At sunrise, we see silhouettes of helmeted troops; according to earlier narration, three thousand soldiers had been sent to meet the demonstrators. A sequence of still photographs show demonstrators who spent the night in jail, including Norman Mailer, who then turned the experience of the demonstration into the book Armies of the Night. The narrator says that, despite the comforts of TV and sandwiches, the experience helped radicalize many of the arrested protesters, who have "moved on to political action". Marker seeks a summarizing analysis and questions the demonstration’s effect on the war, and on society. An answer is provided by a 15 year-old girl who attended the demonstration: "I have changed." At this simple truth, the film ends on a shot of a student’s fresh, young face.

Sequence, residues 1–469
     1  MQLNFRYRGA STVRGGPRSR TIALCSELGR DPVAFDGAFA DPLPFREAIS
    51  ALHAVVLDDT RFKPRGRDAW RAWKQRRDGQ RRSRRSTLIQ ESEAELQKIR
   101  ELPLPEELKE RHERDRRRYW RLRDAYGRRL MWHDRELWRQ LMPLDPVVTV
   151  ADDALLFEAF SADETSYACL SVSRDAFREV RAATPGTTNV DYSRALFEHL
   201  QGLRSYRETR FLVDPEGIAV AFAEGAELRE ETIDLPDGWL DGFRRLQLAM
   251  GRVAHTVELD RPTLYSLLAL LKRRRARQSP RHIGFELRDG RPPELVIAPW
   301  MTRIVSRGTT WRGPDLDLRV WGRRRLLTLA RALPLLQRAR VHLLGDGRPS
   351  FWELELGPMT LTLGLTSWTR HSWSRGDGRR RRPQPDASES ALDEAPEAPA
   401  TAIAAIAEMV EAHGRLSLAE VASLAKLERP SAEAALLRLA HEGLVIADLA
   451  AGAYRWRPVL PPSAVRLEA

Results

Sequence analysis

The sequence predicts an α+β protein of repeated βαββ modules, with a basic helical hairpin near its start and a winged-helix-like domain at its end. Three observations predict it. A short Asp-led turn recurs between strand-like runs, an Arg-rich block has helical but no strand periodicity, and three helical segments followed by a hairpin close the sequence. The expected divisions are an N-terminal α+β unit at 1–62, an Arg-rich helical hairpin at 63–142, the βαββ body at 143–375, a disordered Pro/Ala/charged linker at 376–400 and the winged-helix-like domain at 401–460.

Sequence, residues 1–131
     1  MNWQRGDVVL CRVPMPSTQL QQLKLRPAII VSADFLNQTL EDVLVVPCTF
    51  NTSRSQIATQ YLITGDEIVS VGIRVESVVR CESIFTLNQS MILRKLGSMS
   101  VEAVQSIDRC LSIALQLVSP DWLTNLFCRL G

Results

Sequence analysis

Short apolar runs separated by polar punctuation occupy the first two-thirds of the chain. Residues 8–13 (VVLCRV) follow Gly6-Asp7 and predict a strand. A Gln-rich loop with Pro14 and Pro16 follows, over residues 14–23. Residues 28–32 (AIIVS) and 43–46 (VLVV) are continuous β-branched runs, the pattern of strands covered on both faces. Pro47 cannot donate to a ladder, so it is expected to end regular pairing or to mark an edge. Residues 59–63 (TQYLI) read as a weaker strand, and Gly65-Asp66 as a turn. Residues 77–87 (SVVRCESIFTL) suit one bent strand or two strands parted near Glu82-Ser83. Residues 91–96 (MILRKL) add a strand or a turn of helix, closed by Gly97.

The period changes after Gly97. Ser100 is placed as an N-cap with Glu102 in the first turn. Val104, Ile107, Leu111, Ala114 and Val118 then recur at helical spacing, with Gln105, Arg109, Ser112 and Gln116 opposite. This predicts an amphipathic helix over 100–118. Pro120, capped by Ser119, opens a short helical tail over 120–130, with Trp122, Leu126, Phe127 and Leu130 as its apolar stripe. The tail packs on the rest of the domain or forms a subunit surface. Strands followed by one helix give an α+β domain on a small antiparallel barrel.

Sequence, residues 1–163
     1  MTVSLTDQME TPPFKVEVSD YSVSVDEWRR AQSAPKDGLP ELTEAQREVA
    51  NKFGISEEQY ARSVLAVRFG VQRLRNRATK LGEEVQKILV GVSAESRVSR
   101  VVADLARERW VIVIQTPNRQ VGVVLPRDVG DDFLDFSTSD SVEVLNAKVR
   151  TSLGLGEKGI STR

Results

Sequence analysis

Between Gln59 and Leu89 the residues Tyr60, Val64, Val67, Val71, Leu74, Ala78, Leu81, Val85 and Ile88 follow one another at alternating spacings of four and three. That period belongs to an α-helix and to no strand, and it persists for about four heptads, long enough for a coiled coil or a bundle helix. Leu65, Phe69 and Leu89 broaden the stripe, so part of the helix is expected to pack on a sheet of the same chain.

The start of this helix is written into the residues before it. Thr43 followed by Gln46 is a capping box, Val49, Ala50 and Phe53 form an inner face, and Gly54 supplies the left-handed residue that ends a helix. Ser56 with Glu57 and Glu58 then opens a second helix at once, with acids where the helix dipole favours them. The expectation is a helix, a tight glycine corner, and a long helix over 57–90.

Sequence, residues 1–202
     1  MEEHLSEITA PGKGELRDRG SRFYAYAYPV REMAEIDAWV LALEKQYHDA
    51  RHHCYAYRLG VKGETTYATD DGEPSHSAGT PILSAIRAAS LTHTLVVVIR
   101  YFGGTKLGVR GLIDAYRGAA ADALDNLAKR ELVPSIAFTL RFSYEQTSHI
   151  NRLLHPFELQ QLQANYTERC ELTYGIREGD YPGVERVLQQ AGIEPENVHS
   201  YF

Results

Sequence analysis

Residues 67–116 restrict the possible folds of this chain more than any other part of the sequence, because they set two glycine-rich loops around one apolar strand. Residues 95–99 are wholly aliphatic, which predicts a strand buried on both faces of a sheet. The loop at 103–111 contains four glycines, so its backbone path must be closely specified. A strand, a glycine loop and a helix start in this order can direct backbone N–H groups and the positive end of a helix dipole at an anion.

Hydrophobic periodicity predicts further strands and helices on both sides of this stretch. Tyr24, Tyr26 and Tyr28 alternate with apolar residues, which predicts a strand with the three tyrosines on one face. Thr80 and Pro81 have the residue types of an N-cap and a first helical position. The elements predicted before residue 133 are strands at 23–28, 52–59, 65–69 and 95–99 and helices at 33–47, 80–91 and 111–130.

The second film on the DVD, The Embassy, is a 21-minute tale from 1973. It purports to be a found super-8 film documenting the plight of political refugees who found sanctuary in a townhouse-like embassy following a military coup in their unnamed country. The movie’s initial audience would have been cognizant of the coup that, on September 11, 1973, overthrew the government of Chile. Tense but placid narration recounts horrors and displacement, including a shooting on the street directly below. People dine, are caught worrying, in long silent shots, as if surreptitiously glimpsed. We see the middle-class people in silhouettes, and there is "not one worker" among them. The man about 60 with a Russian name falls asleep on the floor.